The titan triggerfish regarded me with suspicion. She dropped the piece of coral she held in her mouth and turned to get a better look at the strange beige fish with yellow fins.

Me.

Equipped in my scuba gear, I gazed back at her but kept swimming. After all, I was in her territory: a coral reef off the island of Koh Tao, Thailand.

Suddenly the trigger at the crown of her head raised. Probably guarding her eggs, she began to propel herself in my direction, mouth wide open. She was going to attack.

 A titan triggerfish swims among abandoned dock pilings off Koh Tao, Thailand, in April 2019.
Michael Larin
A titan triggerfish swims among abandoned dock pilings off Koh Tao, Thailand, in April 2019.

I try to incorporate scuba diving into all my travels. Just as colors, tastes, and customs vary across countries, every underwater community has a unique culture. Each environment is home to a different mix of flora and fauna, but animal behavior also changes. I have swum with entire schools of triggerfish near Cozumel, Mexico, that showed none of the aggression of that Thai titan.

Even the largemouth bass at Dutch Springs dive training lake in Bethlehem, Pa., have their own custom: They sometimes approach divers and repeatedly swim into them until the divers start turning over rocks, helping the bass catch the tasty crayfish underneath.

The residents of Koh Tao live in harmony with the ocean. Koh Tao, which means turtle island and is reachable by ferries (about 3 hours) off the finger of Thailand that heads south to Malaysia, is home to an abundance of marine life. It’s now a major destination for scuba divers, many of whom end up staying there several months. They adopt the Koh Tao lifestyle.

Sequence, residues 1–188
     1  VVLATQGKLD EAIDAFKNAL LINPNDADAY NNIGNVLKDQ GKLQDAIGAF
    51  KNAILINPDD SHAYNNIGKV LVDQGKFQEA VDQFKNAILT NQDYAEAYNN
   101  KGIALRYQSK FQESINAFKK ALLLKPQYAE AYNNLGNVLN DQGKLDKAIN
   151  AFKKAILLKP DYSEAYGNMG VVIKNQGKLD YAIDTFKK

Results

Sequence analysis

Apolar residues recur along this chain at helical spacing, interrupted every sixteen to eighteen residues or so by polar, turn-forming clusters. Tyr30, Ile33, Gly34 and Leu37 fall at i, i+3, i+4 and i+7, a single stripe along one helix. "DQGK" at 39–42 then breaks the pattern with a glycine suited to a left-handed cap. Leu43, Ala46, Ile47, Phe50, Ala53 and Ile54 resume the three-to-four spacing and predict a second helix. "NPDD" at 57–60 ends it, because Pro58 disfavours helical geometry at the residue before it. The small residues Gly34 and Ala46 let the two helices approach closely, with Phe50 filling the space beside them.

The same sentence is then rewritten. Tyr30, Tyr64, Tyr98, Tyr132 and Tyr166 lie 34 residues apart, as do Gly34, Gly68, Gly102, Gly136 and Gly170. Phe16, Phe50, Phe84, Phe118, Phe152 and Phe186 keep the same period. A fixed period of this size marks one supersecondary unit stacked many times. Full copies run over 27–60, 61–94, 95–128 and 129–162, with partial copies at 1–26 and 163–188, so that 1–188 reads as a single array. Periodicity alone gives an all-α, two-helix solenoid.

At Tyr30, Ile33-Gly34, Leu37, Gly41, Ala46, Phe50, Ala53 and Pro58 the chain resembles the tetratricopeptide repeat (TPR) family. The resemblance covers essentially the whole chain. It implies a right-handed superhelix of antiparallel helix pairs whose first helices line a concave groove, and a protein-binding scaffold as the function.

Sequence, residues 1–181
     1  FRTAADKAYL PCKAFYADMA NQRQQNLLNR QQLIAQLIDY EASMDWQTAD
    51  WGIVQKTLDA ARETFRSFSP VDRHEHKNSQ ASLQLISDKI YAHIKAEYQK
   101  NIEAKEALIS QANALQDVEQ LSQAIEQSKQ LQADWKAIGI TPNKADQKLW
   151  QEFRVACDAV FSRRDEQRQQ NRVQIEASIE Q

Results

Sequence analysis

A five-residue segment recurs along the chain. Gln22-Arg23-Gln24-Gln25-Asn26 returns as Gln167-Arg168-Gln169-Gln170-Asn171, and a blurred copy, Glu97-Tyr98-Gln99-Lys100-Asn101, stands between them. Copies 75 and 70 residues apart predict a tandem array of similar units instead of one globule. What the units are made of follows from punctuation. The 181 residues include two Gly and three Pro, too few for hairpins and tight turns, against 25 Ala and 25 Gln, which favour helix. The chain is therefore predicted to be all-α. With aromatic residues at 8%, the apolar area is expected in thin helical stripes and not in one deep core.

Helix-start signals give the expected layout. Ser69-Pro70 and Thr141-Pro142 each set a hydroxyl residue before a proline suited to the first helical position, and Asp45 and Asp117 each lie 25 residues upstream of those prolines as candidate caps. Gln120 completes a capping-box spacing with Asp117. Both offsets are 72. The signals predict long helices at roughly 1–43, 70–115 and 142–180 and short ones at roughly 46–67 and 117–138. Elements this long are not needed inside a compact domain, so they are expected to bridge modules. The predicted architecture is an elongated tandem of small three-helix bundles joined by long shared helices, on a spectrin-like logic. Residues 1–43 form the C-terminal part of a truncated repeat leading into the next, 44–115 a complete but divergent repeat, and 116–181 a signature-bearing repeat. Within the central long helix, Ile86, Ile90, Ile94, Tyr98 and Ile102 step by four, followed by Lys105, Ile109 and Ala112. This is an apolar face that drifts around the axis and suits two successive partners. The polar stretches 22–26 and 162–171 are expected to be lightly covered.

Thai people take their shoes off before entering a house, but the people in Koh Tao, foreign or not, often walk around barefoot all the time. They eat tons of fresh fruit. They don’t try to beat the afternoon heat but instead slow down and relax. The rhythm of each day is as soothing as the tides coming in and out.

Experiencing another culture often makes me see my own in a new light and inspires me to bring home what I’ve learned. Thailand taught me to get off my phone more, to eat more fresh fruit, to calm down.

And everyone really should learn to take their shoes off before entering a house, because it’s a lot cleaner.

I kicked as hard as I could to get away from the triggerfish, which was darting toward me faster than I could possibly swim. She tried to chomp at my calf but narrowly missed, then straightened herself to strike again. But by that time I had moved outside her territory, so she swam away, proud of herself for a job well done defending her nest.

And there I was with my dive buddy, a little way off from the reef. As far as the eye could see in all directions, there was nothing but azure water punctuated by rays of light. This is what divers call the big blue. There was no culture, no behavior, no deadlines. The only reality was the endless water all around.

This was peace.

Harri Leigh grew up in Cheltenham and now lives in Harrisburg.